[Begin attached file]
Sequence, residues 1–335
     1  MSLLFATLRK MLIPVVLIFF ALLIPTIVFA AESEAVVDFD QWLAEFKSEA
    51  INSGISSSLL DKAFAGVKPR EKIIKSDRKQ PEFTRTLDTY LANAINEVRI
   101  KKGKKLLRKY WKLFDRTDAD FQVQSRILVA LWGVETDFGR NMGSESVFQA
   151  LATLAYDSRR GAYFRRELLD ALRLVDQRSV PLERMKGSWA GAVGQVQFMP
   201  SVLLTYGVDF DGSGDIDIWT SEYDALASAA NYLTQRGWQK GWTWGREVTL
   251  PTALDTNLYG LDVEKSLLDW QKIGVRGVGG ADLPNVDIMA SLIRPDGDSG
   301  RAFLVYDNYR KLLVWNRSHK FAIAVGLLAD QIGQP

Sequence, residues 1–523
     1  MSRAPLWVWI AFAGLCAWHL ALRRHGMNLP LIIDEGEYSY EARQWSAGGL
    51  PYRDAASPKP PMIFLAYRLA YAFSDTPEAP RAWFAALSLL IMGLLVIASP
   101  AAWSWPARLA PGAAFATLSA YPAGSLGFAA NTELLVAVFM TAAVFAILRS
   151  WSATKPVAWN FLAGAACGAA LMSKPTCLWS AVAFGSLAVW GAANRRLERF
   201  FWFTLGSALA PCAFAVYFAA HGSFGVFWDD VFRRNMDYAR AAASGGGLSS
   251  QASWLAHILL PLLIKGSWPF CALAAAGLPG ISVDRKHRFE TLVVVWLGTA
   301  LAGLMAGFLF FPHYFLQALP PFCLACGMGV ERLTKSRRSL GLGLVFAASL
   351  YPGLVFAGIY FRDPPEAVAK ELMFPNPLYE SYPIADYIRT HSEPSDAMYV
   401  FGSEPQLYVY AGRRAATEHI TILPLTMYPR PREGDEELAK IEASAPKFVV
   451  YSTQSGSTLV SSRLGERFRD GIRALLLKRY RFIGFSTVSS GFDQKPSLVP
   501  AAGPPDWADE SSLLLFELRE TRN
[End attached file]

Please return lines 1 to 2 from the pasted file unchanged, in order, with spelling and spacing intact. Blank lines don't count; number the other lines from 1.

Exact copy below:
Sequence, residues 1–335
     1  MSLLFATLRK MLIPVVLIFF ALLIPTIVFA AESEAVVDFD QWLAEFKSEA